Muramatsu, Niigata

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Former municipality
Country Japan
Region Hokuriku
Prefecture Niigata Prefecture
District Nakakanbara District
Merged January 1, 2006
(now part of Gosen)
 • Total 253.07 km2 (97.71 sq mi)
Population (2005)
 • Total 19,817
Time zone Japan Standard Time (UTC+9)

Muramatsu (村松町, Muramatsu-machi) was a town located in Nakakanbara District, Niigata Prefecture, Japan. On January 1, 2006, Muramatsu was merged into the expanded city of Gosen. Current mail addresses read "Gosen City, Muramatsu" (五泉市村松)to mark the merger.

The town existed for several centuries as a feudal domain and independent town. It was famous for its mountain (Mt. Hakusan, approximately 1000 meters tall), the Jikoji Zen Temple, the Sakurando Onsen Hot Spring, and its city park boasting several thousand cherry trees that bloom each year in April.

As of 2003, the town had an estimated population of 20,066 and a density of 79.29 persons per km². The total area was 253.07 km².


The three-volume "History of Muramatsu Town" (村松町史)published in 1983 gives many details about its long history. One of only a few castle-towns in Niigata Prefecture, the Muramatsu Clan was ruled by the Hori Family throughout the Edo Period. The feudal castle was burned down during the Boshin War in 1868. The site is now a public park housing a small museum archive as well as the town's elaborate festival wagon, which is brought out each September during the Autumn Equinox.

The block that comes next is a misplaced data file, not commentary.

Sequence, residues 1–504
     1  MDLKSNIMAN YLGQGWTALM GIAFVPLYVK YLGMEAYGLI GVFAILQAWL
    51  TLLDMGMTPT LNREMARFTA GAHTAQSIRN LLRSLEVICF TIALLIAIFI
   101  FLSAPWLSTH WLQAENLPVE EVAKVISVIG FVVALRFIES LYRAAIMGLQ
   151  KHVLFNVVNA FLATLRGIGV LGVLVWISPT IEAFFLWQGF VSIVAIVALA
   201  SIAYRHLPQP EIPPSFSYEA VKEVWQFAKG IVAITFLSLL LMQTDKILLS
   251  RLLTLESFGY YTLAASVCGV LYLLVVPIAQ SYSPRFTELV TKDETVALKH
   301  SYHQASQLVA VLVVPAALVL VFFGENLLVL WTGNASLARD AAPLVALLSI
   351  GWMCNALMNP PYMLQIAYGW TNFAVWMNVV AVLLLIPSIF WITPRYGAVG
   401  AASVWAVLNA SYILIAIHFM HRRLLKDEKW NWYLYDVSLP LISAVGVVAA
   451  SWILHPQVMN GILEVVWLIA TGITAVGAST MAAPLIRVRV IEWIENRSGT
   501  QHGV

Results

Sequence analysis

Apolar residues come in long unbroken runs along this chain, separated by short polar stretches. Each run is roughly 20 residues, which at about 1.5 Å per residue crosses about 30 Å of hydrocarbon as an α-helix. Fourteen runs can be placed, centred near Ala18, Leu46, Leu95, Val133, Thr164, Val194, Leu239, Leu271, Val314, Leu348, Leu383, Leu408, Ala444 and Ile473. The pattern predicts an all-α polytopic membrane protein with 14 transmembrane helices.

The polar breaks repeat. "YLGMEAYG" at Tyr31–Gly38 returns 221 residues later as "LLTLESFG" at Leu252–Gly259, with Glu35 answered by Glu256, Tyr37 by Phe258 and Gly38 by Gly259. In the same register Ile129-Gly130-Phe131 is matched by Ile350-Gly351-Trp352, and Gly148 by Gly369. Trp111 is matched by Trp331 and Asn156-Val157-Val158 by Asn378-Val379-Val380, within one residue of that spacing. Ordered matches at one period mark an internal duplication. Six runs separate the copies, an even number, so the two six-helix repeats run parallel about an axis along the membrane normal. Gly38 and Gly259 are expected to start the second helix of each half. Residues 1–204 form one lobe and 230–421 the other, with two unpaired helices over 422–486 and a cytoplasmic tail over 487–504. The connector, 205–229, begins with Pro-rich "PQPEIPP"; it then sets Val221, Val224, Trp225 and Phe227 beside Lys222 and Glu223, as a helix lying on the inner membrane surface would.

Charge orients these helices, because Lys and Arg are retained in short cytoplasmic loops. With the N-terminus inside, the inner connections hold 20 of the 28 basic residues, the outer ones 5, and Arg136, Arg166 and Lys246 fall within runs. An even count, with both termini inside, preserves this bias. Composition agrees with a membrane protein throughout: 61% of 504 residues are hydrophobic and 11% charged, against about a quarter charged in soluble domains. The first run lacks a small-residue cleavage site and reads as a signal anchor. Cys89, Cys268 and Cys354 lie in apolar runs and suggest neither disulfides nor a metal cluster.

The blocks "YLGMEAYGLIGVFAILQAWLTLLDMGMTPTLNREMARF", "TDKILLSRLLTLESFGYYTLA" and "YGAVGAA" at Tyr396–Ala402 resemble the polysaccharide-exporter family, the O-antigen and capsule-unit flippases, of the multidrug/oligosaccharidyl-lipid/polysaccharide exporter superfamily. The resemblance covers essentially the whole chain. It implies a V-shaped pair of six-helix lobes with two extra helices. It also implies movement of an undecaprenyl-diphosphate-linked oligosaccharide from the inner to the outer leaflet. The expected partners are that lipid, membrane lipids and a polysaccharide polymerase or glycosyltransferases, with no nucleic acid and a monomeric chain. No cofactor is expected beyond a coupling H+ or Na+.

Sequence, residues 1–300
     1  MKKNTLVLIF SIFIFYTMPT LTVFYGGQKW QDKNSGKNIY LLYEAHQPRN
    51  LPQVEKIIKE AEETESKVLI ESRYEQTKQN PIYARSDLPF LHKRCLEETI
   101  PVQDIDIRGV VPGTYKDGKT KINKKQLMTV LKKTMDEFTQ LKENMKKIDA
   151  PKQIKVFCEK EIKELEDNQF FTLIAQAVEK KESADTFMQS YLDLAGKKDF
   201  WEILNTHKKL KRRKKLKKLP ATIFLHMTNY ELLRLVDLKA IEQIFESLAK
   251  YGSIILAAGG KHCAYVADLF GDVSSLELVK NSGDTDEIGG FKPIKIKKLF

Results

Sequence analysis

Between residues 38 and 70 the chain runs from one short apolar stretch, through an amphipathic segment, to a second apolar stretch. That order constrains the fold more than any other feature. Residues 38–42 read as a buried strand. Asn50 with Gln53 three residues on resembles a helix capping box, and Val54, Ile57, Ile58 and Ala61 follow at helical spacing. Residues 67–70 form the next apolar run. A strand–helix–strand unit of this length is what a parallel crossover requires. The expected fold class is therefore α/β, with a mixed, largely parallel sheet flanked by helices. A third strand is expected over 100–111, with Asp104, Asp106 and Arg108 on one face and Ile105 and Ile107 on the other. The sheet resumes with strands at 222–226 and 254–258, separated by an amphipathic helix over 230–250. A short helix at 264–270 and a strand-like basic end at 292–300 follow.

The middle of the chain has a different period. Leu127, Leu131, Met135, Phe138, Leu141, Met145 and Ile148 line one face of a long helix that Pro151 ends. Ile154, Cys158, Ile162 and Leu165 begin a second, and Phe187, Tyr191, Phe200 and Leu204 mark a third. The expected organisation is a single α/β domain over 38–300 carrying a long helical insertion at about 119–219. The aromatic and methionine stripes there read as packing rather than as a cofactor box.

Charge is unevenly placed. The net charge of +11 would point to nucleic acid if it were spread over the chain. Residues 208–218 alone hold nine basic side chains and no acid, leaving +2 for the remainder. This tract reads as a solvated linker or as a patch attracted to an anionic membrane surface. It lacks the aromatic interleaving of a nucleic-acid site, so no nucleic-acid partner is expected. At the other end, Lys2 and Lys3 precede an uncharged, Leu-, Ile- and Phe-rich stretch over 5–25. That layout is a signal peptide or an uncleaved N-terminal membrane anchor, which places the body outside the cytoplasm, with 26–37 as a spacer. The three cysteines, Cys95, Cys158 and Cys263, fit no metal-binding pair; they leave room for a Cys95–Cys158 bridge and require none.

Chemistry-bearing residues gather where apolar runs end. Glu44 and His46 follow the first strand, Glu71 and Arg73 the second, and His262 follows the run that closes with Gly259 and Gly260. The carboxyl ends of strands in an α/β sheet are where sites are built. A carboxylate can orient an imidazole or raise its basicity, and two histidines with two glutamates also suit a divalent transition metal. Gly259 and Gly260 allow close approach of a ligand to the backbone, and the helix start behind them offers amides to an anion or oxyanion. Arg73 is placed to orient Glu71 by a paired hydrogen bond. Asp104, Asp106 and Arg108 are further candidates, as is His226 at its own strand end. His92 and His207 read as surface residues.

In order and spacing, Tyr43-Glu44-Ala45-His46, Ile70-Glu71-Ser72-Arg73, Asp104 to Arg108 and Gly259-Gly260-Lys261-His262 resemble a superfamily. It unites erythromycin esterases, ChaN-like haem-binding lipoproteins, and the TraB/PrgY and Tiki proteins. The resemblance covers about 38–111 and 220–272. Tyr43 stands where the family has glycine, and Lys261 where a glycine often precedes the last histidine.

In September 1945, 1800 members of the 1st and 2nd battalion, 27th regiment of US Army soldiers were housed at the Signal Corps barracks on the eastern edge of town. They stayed until that December, leaving a very positive impression on the Japanese citizens and contradicting rumors and suspicions spread by wartime propaganda. An English-language memoir of this period was published electronically in 2000 by the University of Kansas Center for East Asian Studies (Goto, 2000).

In May, 1946, a very large fire burned for more than eight hours, destroying 70% of the town (over 1000 homes), injuring fifty-nine and killing two. Much of the downtown district was destroyed and historical buildings lost (History v. II, pps 802-806).


Muramatsu had five elementary schools (Muramatsu, Muramatsu Higashi, Kawachi, Juuzen, and Okambara), two middle schools (Atago and Sanno), and a prefectural high school.



In October, 1923, the Kanbara Tetsudou (ja:蒲原鉄道) established a railway in Muramatsu, including a new station and service north to Gosen City. The line then expanded south to Kamo City. The railway company was dissolved in 1999 and all train service in town suspended. The original wooden railway station was purchased and moved off-site to Yasuda City, where it was rebuilt as a small museum.



  • Goto, Y. (2000). Those days in Muramatsu. University of Kansas, Center for East Asian Studies.
  • 村松町教育委員会 (1983).村松史.村松町史編纂委員会編
  • Muramatsu Machi Kyouiku Inkai. (1983). History of Muramatsu town. Muramatsu Historical Committee, 1983.